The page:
Last week I was on a panel at the Organization of American Historian’s Annual Meeting up in DC with some folks from CHNM. One of the really cool thing that I’ve noticed is every time I’m around those folks, I get ideas…which can be dangerous. I had been meaning to poke at the Zotero API for a while and after talking with @tjowens, @joegilbert, and @clioweb over some falafels, I started putting some ideas together on the train home.
Over the last couple of years, I’ve been working on-and-off on improving the Database of Early Chesapeake Architecture. I’d recently gotten the data (again) from Swem Library and had been working on pushing it to a more open framework (it was ColdFusion + MSSQL; now Rails + Postgresql). What I wanted to be able to add in is an extensible method of citation for the various buildings and sites used (check out the work-in-progress). At the time, I tried to use RefWorks (with very little success) to handle the citations, but with the improvements to Zotero (and it’s Group ability), I thought I’d go down this road and test if this is a viable method of citation management.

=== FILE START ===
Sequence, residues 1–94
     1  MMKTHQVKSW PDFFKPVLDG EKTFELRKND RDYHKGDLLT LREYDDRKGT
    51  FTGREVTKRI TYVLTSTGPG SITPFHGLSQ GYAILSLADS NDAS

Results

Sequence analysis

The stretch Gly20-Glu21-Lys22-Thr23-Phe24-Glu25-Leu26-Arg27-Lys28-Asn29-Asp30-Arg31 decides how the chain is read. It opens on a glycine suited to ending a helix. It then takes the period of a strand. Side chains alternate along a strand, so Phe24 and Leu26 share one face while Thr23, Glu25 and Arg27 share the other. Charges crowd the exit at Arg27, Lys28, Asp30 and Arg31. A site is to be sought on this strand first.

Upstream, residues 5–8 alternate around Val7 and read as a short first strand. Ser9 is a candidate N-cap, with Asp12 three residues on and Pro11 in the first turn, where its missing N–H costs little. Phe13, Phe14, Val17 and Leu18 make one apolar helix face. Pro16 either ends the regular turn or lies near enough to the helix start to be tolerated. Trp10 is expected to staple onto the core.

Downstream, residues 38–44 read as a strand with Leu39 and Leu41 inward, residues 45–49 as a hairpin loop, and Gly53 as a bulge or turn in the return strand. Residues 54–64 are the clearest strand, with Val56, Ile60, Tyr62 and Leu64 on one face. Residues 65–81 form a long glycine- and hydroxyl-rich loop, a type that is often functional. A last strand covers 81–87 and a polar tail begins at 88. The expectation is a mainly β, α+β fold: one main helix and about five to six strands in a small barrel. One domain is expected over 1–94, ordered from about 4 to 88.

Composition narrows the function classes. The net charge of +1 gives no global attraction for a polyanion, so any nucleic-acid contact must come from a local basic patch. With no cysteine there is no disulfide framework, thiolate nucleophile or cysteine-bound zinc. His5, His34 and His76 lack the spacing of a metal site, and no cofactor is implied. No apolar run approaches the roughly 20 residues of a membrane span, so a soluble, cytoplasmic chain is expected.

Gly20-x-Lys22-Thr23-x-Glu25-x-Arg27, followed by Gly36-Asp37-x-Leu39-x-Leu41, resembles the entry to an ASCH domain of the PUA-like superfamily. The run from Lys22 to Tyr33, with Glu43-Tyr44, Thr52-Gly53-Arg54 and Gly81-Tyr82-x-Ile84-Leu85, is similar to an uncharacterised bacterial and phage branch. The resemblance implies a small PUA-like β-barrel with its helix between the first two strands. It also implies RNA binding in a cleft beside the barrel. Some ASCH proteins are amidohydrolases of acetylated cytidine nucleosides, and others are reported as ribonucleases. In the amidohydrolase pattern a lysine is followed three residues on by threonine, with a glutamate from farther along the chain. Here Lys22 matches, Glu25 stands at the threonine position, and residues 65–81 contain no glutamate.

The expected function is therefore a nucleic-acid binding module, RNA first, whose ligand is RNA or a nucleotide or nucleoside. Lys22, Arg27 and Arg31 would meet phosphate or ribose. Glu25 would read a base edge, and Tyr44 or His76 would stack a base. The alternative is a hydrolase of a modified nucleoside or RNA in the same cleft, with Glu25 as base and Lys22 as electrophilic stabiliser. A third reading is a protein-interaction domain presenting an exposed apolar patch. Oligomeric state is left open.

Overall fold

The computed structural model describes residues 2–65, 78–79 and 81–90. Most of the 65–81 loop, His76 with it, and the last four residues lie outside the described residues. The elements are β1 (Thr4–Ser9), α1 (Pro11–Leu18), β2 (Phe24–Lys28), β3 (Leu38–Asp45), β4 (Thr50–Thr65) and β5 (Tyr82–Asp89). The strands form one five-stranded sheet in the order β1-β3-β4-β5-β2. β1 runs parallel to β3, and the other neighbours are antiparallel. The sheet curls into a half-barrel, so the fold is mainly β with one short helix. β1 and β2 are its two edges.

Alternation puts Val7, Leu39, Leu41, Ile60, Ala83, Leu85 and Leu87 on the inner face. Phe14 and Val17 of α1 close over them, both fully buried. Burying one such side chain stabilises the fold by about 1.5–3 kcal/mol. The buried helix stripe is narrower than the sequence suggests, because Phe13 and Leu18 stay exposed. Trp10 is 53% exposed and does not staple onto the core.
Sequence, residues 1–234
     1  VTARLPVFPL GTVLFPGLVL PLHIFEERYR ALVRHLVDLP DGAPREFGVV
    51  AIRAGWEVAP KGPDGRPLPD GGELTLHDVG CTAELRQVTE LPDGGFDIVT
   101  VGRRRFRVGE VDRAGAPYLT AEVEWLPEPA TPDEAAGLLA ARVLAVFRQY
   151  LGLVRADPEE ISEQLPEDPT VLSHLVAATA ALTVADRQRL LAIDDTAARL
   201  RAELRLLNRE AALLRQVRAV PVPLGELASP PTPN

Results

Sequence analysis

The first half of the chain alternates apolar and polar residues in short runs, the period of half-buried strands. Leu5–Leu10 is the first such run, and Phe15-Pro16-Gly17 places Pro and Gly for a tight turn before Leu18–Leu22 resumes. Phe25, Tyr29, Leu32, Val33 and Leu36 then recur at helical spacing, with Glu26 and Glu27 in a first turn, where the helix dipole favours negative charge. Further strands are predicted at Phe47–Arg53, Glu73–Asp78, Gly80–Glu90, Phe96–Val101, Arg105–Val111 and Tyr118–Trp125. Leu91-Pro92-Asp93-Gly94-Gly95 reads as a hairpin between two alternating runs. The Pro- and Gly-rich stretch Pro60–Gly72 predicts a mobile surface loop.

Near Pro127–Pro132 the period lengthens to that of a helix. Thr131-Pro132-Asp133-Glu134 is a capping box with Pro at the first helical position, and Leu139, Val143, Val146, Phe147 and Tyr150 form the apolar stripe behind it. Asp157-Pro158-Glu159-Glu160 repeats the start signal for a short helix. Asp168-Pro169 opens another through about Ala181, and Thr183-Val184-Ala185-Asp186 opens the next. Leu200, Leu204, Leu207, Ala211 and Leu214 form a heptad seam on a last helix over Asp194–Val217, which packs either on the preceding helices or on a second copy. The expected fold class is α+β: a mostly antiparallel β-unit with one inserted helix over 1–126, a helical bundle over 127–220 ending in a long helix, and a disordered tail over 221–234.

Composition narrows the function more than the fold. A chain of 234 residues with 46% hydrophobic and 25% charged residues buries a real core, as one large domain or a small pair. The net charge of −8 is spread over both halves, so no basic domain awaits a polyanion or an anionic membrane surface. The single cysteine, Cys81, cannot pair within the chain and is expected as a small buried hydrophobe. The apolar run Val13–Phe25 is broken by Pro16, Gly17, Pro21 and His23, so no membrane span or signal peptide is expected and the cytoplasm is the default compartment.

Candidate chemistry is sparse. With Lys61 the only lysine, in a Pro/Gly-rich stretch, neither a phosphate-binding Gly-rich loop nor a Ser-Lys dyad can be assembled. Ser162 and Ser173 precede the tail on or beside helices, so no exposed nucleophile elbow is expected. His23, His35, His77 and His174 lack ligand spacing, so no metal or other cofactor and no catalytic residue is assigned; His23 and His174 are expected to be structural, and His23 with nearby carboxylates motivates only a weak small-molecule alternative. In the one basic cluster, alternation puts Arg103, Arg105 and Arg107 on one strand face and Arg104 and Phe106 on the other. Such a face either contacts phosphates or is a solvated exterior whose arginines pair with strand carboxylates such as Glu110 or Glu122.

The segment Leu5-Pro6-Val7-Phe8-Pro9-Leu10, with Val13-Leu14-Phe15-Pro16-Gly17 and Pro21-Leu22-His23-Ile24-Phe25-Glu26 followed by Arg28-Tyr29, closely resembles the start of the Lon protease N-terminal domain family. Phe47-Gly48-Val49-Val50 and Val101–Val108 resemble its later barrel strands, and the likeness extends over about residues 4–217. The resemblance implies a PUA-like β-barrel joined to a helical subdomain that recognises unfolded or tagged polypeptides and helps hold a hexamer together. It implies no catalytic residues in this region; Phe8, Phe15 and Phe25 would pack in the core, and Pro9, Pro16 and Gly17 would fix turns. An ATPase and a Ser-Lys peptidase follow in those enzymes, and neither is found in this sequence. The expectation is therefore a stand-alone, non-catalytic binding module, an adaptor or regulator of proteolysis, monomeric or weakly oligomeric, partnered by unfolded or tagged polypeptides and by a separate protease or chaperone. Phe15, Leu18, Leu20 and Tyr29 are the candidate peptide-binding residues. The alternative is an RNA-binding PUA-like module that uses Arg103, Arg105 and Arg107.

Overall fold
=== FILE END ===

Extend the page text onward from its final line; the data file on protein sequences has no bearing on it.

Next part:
I first took a look at Jeremy’s phpZotero code. The first thing I noticed is that there’s a pretty funky way that you have to construct URLs for the “API” (I think the Zotero API is more of an RSS decorator than an API, but hopefully they’re working on that). Essentially you construct a URL requests to the Zotero API server with a user ID. Unfortunately, most people don’t know their user_id, so the PHP code goes and looks this up on a different server, parses out the user_id, then constructs an HTTP request for RSS data from the API server. I kind of brace a bit at the thought of every request needing to go to two servers (multiple points of failure, speed, etc.). When I started creating a ruby wrapper for these calls, I made the object use the user_id (Integer) and not the user_name (String). Knowing folks might not know their user_id, I whipped up a quick Sinatra app on heroku to look up Zotero User ids: zotero-id-finder (source on github).
Next, I needed something to not have to use Nokogiri all the time to grab info off the Zotero server. I made a basic Gem to wrap these requests named rzotero. This is really helpful, but what I really wanted to do is add citations to ActiveRecord models a la acts_as_taggable. To that end, I started mocking up acts_as_citable which will allow you to add in citations identifiers to be used with rzotero plugin to record and display items in a collection in ActiveRecord contexts.
As a warning, all of these are in a pre-alpha-ish state and may (badly) break your code (especially since it’s lightly tested right now). As things progress, I’ll have more posts here, and over on the Scholars’ Lab site.